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New Israeli-US investment fund for cannabis technology

Israel21cNew Israeli-US investment fund for cannabis technology

ISRAEL21c Staff


Jerusalem-based OurCrowd and Boulder-based 7thirty Opportunity Fund to invest in early-stage companies revolutionizing the cannabis industry.

Image via Shutterstock.com

A $30 million cannabis technology venture capital fund is under establishment by Jerusalem-based global investment platform OurCrowd and the 7thirty Opportunity Fund of Boulder, Colorado.

The new fund will invest in emerging companies involved in med-tech, ag-tech, retail, e-commerce, marketplaces, SaaS solutions, and deep-tech research related to cannabis. It will be headquartered in Boulder with activities in Israel, Canada and the United States.

OurCrowd CEO Jon Medved noted that Canada recently legalized cannabis nationwide and Israel is in the final stages of legalizing cannabis export. Approximately 95 percent of US citizens live in states where cannabis is legal for recreational and/or medical purposes. The United Kingdom legalized medical cannabis in 2018.

“The amount of serious medical research in cannabis is booming. This market will generate unprecedented global investment activity and returns for cannabis-focused startups,” Medved said. “Together with 7thirty, we plan to lead investments for serious companies that will pioneer technology for this important and growing market.”

OurCrowd has already invested in Israeli cannabis technology companiessuch as Syqe Medical (which recently raised $50 million) and ag-tech company EdenShield.

The 7thirty Opportunity Fund is led by veteran cannabis technology investor Micah Tapman, formerly a cofounder at CanopyBoulder, where he led investments in some 90 cannabis-related companies. He was recently named one of 20 rising stars in the cannabis investment world by Business Insider.

Tapman said “Israel is a recognized leader and pioneer in cannabis technology, and OurCrowd has a demonstrated track record as a value-added investor. Together we plan to bring institutional discipline and rigor to the cannabis technology investment market.”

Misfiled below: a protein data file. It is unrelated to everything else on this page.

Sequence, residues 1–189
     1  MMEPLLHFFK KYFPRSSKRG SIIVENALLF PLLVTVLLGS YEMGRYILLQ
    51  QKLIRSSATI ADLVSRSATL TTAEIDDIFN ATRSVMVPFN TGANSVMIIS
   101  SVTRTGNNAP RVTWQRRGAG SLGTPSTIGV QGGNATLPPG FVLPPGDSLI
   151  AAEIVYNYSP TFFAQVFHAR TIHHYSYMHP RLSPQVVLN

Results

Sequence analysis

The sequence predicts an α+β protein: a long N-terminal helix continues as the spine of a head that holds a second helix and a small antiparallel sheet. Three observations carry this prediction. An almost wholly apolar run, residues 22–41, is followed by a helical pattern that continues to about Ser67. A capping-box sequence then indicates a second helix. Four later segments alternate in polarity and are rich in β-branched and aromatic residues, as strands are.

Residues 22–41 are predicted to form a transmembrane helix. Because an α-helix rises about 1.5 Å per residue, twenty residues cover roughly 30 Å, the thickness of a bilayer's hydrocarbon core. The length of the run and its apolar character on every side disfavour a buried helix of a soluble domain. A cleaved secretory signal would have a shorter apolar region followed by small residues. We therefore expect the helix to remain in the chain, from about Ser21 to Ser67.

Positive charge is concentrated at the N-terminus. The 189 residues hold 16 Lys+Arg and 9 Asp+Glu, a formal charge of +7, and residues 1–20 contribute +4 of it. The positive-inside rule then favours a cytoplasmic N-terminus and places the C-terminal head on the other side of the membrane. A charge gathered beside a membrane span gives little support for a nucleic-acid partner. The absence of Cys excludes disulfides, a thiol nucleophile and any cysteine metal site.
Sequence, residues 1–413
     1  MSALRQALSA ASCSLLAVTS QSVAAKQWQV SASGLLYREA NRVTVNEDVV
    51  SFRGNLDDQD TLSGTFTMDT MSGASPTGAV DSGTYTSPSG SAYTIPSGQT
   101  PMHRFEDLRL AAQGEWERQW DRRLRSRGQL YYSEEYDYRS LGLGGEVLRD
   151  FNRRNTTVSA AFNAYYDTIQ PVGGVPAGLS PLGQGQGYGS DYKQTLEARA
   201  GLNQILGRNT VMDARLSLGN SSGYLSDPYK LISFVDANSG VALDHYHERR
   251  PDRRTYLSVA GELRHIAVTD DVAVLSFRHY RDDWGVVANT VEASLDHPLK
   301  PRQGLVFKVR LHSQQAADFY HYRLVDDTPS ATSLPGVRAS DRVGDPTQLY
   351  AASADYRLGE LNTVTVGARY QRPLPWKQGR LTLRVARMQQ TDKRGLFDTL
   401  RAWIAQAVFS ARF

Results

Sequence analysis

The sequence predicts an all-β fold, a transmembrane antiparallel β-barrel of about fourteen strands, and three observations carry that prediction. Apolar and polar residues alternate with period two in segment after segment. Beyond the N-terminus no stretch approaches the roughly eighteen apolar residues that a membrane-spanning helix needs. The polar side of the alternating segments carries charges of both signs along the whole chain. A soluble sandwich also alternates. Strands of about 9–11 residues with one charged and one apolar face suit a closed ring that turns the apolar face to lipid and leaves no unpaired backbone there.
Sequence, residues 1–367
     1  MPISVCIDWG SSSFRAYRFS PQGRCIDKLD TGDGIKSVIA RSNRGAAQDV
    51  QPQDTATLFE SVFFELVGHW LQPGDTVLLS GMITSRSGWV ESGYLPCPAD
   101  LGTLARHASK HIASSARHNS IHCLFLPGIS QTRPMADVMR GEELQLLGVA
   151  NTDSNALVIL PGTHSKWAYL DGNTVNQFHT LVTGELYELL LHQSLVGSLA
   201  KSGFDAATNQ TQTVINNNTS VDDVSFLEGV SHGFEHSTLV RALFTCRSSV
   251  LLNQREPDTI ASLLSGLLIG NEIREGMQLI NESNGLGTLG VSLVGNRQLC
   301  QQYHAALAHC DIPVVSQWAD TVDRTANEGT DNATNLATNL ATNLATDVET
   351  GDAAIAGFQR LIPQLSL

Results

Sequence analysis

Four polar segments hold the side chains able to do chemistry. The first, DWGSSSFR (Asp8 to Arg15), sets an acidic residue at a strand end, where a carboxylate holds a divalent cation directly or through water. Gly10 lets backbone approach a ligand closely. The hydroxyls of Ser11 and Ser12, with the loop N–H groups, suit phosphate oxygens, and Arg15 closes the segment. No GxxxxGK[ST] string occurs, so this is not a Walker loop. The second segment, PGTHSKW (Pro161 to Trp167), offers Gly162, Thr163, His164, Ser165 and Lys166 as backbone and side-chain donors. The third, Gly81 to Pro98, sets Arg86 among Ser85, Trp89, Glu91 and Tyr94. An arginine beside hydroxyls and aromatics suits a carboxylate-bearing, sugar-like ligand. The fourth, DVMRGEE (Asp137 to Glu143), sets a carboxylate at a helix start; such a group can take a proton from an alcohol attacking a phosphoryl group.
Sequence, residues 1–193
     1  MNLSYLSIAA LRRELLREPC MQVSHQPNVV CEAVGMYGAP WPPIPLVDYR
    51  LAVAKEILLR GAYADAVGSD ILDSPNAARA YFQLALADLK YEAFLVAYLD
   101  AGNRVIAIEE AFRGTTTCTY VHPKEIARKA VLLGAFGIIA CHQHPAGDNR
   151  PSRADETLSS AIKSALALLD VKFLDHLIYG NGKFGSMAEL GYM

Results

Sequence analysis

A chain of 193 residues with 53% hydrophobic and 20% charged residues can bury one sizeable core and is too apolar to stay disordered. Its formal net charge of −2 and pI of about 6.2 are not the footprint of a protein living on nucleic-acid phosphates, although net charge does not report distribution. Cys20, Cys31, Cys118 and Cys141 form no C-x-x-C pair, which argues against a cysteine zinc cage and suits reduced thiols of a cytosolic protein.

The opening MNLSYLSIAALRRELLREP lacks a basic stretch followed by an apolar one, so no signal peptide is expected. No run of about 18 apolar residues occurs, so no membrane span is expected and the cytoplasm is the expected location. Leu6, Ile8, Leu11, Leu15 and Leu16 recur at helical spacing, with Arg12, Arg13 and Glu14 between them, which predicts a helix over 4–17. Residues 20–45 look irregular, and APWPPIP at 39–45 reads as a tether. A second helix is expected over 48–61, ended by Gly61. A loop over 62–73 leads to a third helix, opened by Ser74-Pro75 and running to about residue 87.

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WHO TAKES RESPONSIBILITY FOR THE COUNTRY DURING WAR?

WHO TAKES RESPONSIBILITY FOR THE COUNTRY DURING WAR?

TZVI JOFFRE


A former senior official said, “The IDF cannot worry about distributing food to citizens when rockets are falling in Tel Aviv or distribute money to ATMs around the country.”

Maj.Gen.(Res.) Yitzhak Brick in National Criticsm Committee, December 12th, 2018.. (photo credit: MARC ISRAEL SELLEM)

Former IDF ombudsman Maj.-Gen. (res.) Yitzhak Brick has written a report criticizing the readiness of IDF Ground Forces, Walla News has reported. Brick also said there are gaps in readiness of the Home Front Command, the report said, adding that behind the scenes, there is a raging argument between the IDF and the National Emergency Management Authority (NEMA) concerning responsibility over management of the economy during war.

“We’re talking about nothing less than a scandal,” Brick was quoted as saying. “It’s unlikely that the IDF will manage the civilian economy in war. The IDF cannot worry about distributing food to citizens when rockets are falling in Tel Aviv or distribute money to ATMs around the country. The IDF cannot tell the Electric Corporation to save reserves or times of emergency.”

The head of NEMA, Brig.-Gen. Zev Tzuk-Ram, recently wrote to chief of staff Lt.-Gen. Aviv Kochavi about responsibility and readiness for the civilian economy in wartime.

In it, he noted that former defense minister Avigdor Liberman appointed a committee headed by Maj.-Gen. Avi Mizrachi to investigate cooperation between NEMA and the IDF Home Front Command. NEMA was then defined as the authority which would receive “chief responsibility” for evaluations and preparation of the home front.